Drive with caution
Be prepared for the unexpected – never assume that other drivers will drive sensibly, with consideration for those around them or behave rationally on the road. Expect people to make mistakes and for some to just be bad drivers.
Ensure that you are aware of what is going on around you at all times. Make sure your windscreen and headlamps are clean and in good condition so that you have a good view of the road ahead and your surroundings. Remember to check your mirrors and signal before moving.
Keep your vehicle in good condition
Keep your car in good working order at all times. There are a few essentials that you can easily keep an eye on yourself, such as making sure that your tyres have a good amount of tread on them, keeping your screen-wash topped-up and making sure your wipers work properly. It is important to have an annual MOT test to check your vehicle is legal to drive and roadworthy. You should also have a regular service on your vehicle to make sure it is checked-over and kept in good working order. The MOT test and a service will usually identify any issues, but if there are other items that you unsure of or have concerns about, speak to an expert and get your car properly checked.
Don’t let stress affect your driving. If you are feeling stressed, where possible, stop somewhere safe and take a break. Getting angry or annoyed with other drivers will just distract you from driving safely and it may even lead to confrontation. Bad drivers are a fact of life, if you come across one just keep calm, keep your distance, don’t be drawn into an argument, and don’t let them spoil your day.
Don’t rush or be impatient
If you are running late don’t take risks on the road. What might save a few seconds travelling – is usually not worth it, so keep to the speed limits and don’t overtake unless its safe and sensible to do so. Don’t intimidate slow drivers by flashing your headlights or tailgating.
Concentrate – Don’t be distracted
Focus your concentration on your driving, not on your passengers, mobile phone, sat nav, radio, or sound system. Using your mobile phone whilst driving is illegal and if caught using it the penalty carries a fine and points on your licence. If it rings, indicate and pull over in a safe place and turn you engine off. If you miss a call, just call them back!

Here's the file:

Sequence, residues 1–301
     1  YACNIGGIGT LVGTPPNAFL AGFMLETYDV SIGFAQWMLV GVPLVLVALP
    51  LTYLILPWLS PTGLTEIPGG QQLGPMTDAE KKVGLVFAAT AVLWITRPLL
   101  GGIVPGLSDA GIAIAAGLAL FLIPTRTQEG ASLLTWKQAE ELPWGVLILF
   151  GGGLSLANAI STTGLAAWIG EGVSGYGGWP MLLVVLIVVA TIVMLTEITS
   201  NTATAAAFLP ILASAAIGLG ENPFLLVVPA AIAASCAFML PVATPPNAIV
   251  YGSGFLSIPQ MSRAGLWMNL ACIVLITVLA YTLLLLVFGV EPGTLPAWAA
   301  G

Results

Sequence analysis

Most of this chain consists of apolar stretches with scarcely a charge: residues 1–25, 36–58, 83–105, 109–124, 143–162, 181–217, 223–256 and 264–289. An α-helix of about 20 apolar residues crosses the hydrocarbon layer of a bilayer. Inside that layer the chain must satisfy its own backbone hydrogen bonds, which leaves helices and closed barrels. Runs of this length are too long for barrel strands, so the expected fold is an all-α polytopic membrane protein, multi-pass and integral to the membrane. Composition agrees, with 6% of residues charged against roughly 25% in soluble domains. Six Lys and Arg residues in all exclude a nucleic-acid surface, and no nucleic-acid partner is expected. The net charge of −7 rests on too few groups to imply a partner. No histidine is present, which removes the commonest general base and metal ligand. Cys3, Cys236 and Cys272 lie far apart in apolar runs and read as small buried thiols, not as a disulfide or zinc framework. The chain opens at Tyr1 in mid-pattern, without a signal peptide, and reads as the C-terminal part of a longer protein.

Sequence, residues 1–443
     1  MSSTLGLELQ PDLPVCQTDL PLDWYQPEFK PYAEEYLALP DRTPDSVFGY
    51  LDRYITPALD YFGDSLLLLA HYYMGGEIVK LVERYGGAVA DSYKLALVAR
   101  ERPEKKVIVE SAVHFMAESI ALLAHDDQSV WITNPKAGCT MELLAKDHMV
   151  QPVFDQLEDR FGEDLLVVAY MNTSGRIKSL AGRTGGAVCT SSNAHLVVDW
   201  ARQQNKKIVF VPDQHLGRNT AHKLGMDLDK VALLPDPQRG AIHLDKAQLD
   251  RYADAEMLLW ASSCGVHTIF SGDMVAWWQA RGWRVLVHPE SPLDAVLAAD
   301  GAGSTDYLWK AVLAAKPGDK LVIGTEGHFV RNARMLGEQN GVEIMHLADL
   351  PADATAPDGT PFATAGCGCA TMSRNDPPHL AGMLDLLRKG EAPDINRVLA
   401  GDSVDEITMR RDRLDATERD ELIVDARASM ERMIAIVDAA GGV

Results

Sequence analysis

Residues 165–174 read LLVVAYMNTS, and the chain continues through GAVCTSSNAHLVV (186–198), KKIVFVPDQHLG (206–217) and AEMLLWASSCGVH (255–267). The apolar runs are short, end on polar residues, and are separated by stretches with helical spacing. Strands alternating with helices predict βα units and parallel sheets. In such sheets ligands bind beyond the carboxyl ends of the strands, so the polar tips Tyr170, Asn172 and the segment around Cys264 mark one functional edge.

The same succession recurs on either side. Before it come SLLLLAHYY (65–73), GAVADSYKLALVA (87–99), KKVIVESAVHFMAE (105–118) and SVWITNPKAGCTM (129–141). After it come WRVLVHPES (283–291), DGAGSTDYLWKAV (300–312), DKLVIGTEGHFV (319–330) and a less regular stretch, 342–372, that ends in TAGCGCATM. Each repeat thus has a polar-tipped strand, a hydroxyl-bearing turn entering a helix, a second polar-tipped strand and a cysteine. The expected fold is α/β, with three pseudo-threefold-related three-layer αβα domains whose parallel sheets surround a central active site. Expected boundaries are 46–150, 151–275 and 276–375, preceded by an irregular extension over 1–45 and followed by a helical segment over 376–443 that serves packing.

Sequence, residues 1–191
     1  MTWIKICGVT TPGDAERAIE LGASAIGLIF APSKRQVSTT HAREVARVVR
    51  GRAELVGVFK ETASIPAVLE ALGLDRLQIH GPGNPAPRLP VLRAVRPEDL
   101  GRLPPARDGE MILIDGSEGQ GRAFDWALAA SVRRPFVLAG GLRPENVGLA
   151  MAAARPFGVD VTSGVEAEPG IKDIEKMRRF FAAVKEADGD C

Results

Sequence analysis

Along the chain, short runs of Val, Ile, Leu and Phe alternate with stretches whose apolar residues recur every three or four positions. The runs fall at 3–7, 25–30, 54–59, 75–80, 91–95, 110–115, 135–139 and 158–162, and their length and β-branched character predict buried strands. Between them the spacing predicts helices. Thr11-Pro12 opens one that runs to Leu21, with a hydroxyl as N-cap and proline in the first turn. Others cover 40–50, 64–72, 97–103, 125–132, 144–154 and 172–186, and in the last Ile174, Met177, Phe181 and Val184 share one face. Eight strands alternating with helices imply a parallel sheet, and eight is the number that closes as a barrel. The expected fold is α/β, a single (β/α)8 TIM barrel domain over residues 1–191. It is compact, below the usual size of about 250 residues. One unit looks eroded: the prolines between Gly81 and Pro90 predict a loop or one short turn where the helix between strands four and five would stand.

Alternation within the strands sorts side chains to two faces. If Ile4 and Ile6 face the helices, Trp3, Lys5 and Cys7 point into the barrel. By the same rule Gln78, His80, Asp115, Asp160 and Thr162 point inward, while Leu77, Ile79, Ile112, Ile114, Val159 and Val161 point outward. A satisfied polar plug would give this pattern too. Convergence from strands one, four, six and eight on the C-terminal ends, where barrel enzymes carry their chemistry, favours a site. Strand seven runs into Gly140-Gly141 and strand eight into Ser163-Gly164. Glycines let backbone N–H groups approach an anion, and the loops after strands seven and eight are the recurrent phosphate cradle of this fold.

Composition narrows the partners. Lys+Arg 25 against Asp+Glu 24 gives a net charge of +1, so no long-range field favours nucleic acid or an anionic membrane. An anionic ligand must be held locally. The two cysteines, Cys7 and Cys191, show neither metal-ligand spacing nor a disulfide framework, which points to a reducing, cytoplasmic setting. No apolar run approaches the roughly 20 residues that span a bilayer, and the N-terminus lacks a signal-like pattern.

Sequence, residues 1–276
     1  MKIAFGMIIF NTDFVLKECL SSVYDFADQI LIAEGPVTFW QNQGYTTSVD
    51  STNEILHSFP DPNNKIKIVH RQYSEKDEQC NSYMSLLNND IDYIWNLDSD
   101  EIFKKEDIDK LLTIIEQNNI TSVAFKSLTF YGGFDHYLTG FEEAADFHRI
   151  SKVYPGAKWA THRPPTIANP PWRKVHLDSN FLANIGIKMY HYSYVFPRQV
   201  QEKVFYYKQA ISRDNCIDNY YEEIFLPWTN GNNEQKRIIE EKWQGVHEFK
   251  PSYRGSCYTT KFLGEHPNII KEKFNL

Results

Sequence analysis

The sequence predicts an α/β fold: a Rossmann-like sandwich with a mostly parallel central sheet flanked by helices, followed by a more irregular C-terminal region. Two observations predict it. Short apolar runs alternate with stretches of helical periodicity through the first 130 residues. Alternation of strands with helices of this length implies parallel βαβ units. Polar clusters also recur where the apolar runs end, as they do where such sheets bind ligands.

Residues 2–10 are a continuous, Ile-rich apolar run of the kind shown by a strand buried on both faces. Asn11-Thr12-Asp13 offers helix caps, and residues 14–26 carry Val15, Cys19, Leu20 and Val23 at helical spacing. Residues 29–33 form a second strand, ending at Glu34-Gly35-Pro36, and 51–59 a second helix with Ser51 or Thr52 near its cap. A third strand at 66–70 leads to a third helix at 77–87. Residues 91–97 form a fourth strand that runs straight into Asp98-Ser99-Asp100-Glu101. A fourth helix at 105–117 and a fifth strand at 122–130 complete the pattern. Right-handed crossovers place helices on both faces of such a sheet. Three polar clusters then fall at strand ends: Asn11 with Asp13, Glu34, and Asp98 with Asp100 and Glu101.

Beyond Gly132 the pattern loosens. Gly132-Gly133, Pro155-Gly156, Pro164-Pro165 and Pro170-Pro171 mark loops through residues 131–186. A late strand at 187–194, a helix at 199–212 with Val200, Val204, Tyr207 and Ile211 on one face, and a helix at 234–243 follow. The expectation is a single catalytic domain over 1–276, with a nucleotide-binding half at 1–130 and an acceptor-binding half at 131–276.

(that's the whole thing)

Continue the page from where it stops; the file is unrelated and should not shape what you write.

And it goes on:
Fatigue can be a dangerous and cause you to lose your concentration. If you find your concentration wandering, stop somewhere have a break, perhaps a coffee and a rest will refresh your mind.
Respect speed limits and the weather conditions
Always keep within the speed limits.Driving at speed means you are less likely to be able to stop in time if you encounter an unexpected hazard. Always drive at a speed that is appropriate for the weather conditions to reduce the risk of having an accident. Stopping distances increase significantly when road surfaces are wet or icy, and in foggy or conditions where visibility is impaired you should significantly reduce your speed.
Watch out for pedestrians
Be aware, stay alert and watch out for pedestrians – especially in urban areas on country roads where there may not be a footpath along the side of the road. Watch out for children emerging from between parked cars.
Watch out for motorbikes, scooters and cyclists
We share our roads with two wheelers – like motorbikes, scooters and bicycles are easy to miss. At junctions and when changing lanes take extra care to check your mirrors, look around you and watch out for your blind spot. If you want to overtake make sure there is enough space to pass safely – allow plenty of space because they may swerve or wobble.
Watch out for animals
Our country roads take extra care to watch out for horses and their riders. Pass them wide and slow so as not to spook horses and frighten them. Be wary of smaller animals in the road. Always try to avoid them where possible, but remember that you should only try to avoid them if it does not put you or another road user in danger.